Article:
I had my penultimate MBA elective at the weekend on Corporate Strategy so my next few posts will concentrate on value creation, value capture and business model architecture. I make so secret that business models fascinate me and it was reiterated throughout the lectures that the CEO agenda should be very much focused on the firm’s business model.
This point was highlighted with the case of Kodak’s demise from Quasi-Monopolist (1888-1976) to bankruptcy protection in 2012. How did a company that had pioneered the photographic market in 1880 collapse in just a few short years?
Contrary to popular opinion Kodak was ahead of the digital technology curve and they saw well ahead of time that digital photography was a game changer. The problem was that for over a century Kodak had the classic razor and blade business model i.e. sell cheap cameras and make big profits on photography printing. This model does not work in the digital market where photos are more for instant sharing rather than for capturing memories.
The CEO agenda
Subsequent Kodak CEOs were trapped in cognitive inertia: they kept developing new digital technologies without envisioning a new business model for the digital market. I have described in previous posts what a business model at a simple level it has three parts:
- How do we create value?
- How do we capture value?
- Who are our customers?
There is no doubt that Kodak created value for their customers (e.g. high quality cameras) but they did not capture that value (i.e. make money). Also Kodak did not understand their customer; for many years their customer had been families and in particular women. But in the digital market it is a much younger audience who want to share their photos quickly with their friends.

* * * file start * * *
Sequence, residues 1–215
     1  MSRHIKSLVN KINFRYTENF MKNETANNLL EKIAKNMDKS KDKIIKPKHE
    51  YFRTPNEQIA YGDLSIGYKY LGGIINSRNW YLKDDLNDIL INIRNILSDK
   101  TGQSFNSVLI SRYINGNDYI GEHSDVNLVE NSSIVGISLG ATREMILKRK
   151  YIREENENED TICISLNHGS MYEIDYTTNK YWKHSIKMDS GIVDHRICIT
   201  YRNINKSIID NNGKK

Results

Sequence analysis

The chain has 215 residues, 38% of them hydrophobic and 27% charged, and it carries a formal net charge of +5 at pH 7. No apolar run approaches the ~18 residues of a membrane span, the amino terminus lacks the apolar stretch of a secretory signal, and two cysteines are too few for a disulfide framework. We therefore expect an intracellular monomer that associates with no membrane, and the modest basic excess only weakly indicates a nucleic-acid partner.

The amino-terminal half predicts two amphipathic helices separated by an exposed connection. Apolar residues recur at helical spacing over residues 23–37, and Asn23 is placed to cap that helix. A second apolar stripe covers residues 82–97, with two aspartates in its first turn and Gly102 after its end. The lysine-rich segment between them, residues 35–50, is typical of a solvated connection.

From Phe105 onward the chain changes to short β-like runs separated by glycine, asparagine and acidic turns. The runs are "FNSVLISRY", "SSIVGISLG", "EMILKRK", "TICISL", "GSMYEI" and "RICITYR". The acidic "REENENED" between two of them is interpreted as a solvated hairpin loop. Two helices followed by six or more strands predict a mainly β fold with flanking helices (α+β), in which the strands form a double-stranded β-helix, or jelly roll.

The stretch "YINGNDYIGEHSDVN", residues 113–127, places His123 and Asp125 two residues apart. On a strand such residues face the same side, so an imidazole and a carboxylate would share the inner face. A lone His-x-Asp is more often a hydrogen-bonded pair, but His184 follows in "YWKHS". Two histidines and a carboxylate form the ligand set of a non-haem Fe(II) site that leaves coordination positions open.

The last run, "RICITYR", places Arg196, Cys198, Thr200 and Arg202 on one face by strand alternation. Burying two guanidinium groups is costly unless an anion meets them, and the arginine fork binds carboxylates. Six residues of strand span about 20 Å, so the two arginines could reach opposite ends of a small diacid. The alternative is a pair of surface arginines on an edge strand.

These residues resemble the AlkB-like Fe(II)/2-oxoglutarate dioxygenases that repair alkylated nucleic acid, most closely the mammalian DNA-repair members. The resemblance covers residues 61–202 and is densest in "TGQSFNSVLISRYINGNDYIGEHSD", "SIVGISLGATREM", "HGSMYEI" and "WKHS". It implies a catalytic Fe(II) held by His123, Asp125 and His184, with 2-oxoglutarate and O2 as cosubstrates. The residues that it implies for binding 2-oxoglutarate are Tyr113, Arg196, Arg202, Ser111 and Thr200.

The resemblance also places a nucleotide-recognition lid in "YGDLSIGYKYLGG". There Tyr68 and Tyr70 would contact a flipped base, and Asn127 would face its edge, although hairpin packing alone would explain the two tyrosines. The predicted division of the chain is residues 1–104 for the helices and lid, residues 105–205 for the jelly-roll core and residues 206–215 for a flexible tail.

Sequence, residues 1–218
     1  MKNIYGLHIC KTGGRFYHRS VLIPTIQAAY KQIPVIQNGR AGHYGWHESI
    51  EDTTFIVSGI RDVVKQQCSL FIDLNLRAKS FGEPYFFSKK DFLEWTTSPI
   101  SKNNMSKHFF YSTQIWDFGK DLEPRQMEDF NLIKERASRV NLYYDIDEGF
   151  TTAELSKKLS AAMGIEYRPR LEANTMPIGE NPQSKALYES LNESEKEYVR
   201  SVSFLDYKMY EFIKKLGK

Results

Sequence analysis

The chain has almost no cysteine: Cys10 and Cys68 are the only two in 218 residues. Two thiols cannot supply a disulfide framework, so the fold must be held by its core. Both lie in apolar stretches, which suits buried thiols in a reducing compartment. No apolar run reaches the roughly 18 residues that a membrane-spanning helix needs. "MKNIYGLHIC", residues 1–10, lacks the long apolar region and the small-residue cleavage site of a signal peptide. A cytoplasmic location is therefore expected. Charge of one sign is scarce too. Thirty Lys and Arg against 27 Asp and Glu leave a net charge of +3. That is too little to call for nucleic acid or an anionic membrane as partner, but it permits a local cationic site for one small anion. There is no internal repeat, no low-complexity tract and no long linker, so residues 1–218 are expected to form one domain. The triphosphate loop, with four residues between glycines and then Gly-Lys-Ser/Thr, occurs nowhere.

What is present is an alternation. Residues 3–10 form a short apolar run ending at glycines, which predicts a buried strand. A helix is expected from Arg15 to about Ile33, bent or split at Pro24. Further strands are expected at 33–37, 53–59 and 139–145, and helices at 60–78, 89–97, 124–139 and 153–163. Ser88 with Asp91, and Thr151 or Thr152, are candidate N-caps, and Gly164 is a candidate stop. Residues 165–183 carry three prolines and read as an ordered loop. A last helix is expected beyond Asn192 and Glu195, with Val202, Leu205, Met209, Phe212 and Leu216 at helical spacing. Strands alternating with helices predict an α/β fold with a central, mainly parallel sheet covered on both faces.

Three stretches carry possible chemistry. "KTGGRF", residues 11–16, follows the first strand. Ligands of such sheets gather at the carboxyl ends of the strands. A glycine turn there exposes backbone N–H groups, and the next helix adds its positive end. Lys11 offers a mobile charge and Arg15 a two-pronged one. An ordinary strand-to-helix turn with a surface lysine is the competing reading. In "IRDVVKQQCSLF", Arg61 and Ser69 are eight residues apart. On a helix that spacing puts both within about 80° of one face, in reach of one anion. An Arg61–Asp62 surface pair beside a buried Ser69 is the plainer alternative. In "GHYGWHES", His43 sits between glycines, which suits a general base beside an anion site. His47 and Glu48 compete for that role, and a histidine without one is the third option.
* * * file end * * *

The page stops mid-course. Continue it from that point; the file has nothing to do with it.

What could Kodak have done?
Although retrospectively everything is easy, what could Kodak have done?
The most important priority for a turnaround business is to focus on one thing! None of the Kodak CEOs could reconcile the digital and photo print businesses.
Option 1: Break up the business and sell of the parts
One option could have been to break up the business. Kodak could have been split in a manufacturing division, chemical division and a very profitable research division. These could have been sold off or floated in their own right.
Option 2: Sell the whole print business like a fixed term bond
In the year 2000 Kodak could have sold the photo print business. Even though most people could see photography printing had a 10-12 year life, the business had very stable, predictable cashflows. This could have been valued in the same way as a 10-year bond and would appeal to institutional investors. This would have left Kodak free to focus purely on digital without any distractions.
Option 3: Licence the brand or the technology
Kodak could have licensed their brand to P&G or licenced their technology to other companies, or a combination of both. Kodak had spent over a hundred years and huge resources building a household brand that would have been very attractive to a portfolio brand company such as P&G or Unilever. Kodak’s R&D labs had some of the most advanced technology in the industry and this could have been licensed to other technology companies to use in their devices.
Option 4: Leverage their distribution network and ignore digital
Kodak had a huge asset in their extensive distribution network with reach into many countries and retailers. They could have continued to focus on print based products with a horizontal move into other print based products (e.g. printers or print technology) and sold these new products into their retail channels.
I am sure there are many other potential options but the point is that Kodak needed a fundamental change in their business model. Business models are at the heart of corporate strategy and that is why they interest me so much.